The Illumination by Kevin Brockmeier (New York: Pantheon Books, 2011. 272 pp) Kevin Brockmeier is the author of The View from the Seventh Layer, The Brief History of the Dead, The Truth about Celia, Things That Fall from the Sky, and two children’s novels. His stories have appeared in The New Yorker, McSweeney’s, The Oxford American, The Best American Short Stories, O. Henry Prize Stories, and Granta’s Best of Young American Novelists, among other publications. He has taught at the Iowa Writers’ Workshop and lives in Little Rock, Arkansas. Illustrate and Elevate While in high school, I learned a writing technique that remains a tried-and-true method for introducing an essay, lecture, or blog post. Coined “illustrate and elevate,” the procedure… Read More →

Book Review: A Theology for the Social Gospel

A Theology for the Social Gospel by Walter Rauschenbusch (Mansifeld Centre: Martino Publishing, 2011; originally published in 1918. 290 pp) Walter Rauschenbusch was the leading proponent of the Social Gospel Movement whose mission was to reform society to meet the social needs of the poor through the ministrations of the institutional church. PBS recently called him “one of the most influential American religious leaders of the last 100 years.” The Nature of Sin and Salvation  When attempting to manufacture a systematic theology, the nature of sin and salvation becomes integral components of the position. Slight changes in these core beliefs cause vast differences externally. Having previously labored toward the notion of “the social gospel,” Walter Rauschenbusch writes A Theology for… Read More →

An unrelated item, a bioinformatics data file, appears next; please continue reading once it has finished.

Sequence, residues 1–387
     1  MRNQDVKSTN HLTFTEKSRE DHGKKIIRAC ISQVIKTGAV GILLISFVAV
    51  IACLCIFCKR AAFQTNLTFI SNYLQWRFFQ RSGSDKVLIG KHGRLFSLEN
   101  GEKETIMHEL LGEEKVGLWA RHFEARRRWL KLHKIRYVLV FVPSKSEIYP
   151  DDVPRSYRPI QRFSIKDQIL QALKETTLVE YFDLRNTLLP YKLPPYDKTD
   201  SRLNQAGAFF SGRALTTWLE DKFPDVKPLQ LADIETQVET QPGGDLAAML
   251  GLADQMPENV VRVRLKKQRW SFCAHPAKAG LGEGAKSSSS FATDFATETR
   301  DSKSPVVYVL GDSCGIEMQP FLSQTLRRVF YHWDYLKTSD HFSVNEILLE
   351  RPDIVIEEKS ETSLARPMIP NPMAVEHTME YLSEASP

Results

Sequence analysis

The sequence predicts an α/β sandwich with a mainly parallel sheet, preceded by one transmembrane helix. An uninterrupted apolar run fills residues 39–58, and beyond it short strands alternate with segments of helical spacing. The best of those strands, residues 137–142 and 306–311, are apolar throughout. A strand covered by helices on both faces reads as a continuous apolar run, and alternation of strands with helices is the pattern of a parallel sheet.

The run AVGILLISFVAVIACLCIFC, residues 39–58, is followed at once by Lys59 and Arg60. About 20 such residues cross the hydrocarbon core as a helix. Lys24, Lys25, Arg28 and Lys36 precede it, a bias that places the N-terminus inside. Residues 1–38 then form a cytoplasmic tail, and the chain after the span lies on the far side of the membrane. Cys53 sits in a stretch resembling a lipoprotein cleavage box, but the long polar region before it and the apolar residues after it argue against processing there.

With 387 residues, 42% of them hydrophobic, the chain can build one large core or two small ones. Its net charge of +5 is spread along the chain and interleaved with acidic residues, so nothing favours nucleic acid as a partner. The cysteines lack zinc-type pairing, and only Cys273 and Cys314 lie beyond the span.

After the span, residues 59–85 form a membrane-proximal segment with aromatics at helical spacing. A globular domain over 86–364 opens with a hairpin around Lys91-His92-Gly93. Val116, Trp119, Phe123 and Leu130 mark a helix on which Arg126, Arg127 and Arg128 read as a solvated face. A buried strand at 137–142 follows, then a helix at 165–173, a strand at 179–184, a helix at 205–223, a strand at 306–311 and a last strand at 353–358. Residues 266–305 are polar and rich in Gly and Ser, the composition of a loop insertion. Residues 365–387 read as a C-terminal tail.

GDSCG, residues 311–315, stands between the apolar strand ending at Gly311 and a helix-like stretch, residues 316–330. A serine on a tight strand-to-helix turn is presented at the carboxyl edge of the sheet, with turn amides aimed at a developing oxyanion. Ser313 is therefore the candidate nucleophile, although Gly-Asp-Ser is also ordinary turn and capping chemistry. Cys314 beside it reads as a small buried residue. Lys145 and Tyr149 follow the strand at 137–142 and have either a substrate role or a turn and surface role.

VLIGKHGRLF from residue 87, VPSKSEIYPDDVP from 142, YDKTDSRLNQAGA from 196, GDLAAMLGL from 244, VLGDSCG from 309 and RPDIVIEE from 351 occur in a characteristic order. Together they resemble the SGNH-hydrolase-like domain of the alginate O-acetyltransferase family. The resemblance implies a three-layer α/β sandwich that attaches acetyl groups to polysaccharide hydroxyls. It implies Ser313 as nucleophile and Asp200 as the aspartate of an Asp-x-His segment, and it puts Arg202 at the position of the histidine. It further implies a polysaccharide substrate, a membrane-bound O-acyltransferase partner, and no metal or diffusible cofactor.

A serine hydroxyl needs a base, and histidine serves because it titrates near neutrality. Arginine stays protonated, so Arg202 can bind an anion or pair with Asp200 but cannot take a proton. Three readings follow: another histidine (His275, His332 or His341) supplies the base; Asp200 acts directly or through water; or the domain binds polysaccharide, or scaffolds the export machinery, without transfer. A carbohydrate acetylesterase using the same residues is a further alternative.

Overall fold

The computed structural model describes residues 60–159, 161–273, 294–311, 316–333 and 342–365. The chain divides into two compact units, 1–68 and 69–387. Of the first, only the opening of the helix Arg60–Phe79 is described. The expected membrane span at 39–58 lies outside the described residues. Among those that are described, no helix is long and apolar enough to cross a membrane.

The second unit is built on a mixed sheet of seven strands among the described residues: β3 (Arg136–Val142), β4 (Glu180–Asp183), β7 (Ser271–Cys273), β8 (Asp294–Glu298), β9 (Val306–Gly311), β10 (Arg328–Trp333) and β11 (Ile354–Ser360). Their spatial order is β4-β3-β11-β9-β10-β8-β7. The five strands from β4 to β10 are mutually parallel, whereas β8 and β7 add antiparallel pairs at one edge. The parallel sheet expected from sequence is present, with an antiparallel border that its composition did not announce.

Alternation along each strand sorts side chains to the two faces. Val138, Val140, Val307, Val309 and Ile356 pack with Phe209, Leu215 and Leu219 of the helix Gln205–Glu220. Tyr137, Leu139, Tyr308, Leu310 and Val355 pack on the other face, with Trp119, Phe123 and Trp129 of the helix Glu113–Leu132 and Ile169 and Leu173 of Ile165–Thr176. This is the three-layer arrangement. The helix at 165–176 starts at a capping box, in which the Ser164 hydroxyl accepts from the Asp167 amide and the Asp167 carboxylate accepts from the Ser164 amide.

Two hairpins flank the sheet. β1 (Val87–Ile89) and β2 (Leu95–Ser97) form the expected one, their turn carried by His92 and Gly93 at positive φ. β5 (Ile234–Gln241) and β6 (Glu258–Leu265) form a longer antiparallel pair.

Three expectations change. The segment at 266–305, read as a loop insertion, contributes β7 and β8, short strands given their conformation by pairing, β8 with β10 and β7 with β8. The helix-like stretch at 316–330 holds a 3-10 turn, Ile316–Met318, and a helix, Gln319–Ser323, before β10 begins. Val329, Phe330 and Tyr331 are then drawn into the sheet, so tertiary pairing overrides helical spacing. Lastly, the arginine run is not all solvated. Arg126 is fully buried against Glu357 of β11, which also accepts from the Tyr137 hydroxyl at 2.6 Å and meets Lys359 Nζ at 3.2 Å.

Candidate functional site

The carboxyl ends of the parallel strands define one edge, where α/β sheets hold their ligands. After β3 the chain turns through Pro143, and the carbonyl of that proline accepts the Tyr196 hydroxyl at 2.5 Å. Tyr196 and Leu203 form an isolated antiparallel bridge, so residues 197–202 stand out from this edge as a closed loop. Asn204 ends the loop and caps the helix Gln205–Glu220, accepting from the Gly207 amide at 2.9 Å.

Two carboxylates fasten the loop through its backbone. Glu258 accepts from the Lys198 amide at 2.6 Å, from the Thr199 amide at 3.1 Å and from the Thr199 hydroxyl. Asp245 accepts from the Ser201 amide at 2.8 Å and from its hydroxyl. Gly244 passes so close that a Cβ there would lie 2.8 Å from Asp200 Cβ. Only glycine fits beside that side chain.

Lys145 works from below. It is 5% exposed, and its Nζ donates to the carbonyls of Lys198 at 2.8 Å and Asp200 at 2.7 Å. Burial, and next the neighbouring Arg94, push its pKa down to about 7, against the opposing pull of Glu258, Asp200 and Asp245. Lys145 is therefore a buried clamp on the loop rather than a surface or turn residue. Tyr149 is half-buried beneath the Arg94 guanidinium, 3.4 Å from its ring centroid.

Television Show Review: Boardwalk Empire

Boardwalk Empire: Season One created by Terence Winter (Home Box Office, Leverage Management, Closest to the Hole Productions) Starring Steve Buscemi, Michael Pitt, and Kelly Macdonald. In Praise of the Anti-Hero  Not to say that the anti-hero is a recent development in storytelling, but it seems like the last ten years have seen a rise in the flawed protagonist. Whether Dexter Morgan in Dexter, Walter White in Breaking Bad, or Don Draper in Mad Men, many current shows extol depravity and require the viewer to root for the “bad guy”. Boardwalk Empire’s Enoch “Nucky” Thompson (Steve Buscemi) is another character to add to this list. Boardwalk Empire: Season One tells the tale of prohibition-era Atlantic City and the politician who… Read More →

Book Review: Zone One

Zone One: A Novel by Colson Whitehead (New York: Doubleday, 2011. 272 pp) Colson Whitehead was born in 1969 and raised in Manhattan. He attended Harvard College and afterward he began working as a reviewer for The Village Voice. Out of the gate, Whitehead’s fiction gained acclaim when his first novel, The Intuitionist, won the Quality Paperback Book Club’s New Voices Award. His work has earned him the Young Lions Fiction Award, the Anisfield-Wolf Book Award, the PEN/Oakland Award, and a Whiting Writers Award. Also, Whitehead has received a MacArthur Fellowship and a fellowship at the Cullman Center for Scholars and Writers. Knives and Reason Aristotle, when expanding on his defense of virtue ethics, contends that humans act ethically when… Read More →

Book Review: Christianity and the Social Crisis in the 21st Century

Christianity and the Social Crisis in the 21st Century: The Classic That Woke Up the Church by Walter Rauschenbusch; edited by Paul Raushenbush (New York: HarperOne, 2008. 400 pp) Walter Rauschenbusch was the leading proponent of the Social Gospel Movement whose mission was to reform society to meet the social needs of the poor through the ministrations of the institutional church. PBS recently called him “one of the most influential American religious leaders of the last 100 years.” Paul Raushenbush, great-grandson of Walter Rauschenbusch, was associate dean or religious life and the chapel at Princeton University and current religion editor at the Huffington Post. He has served as an associate minister at the Riverside Church in New York City and… Read More →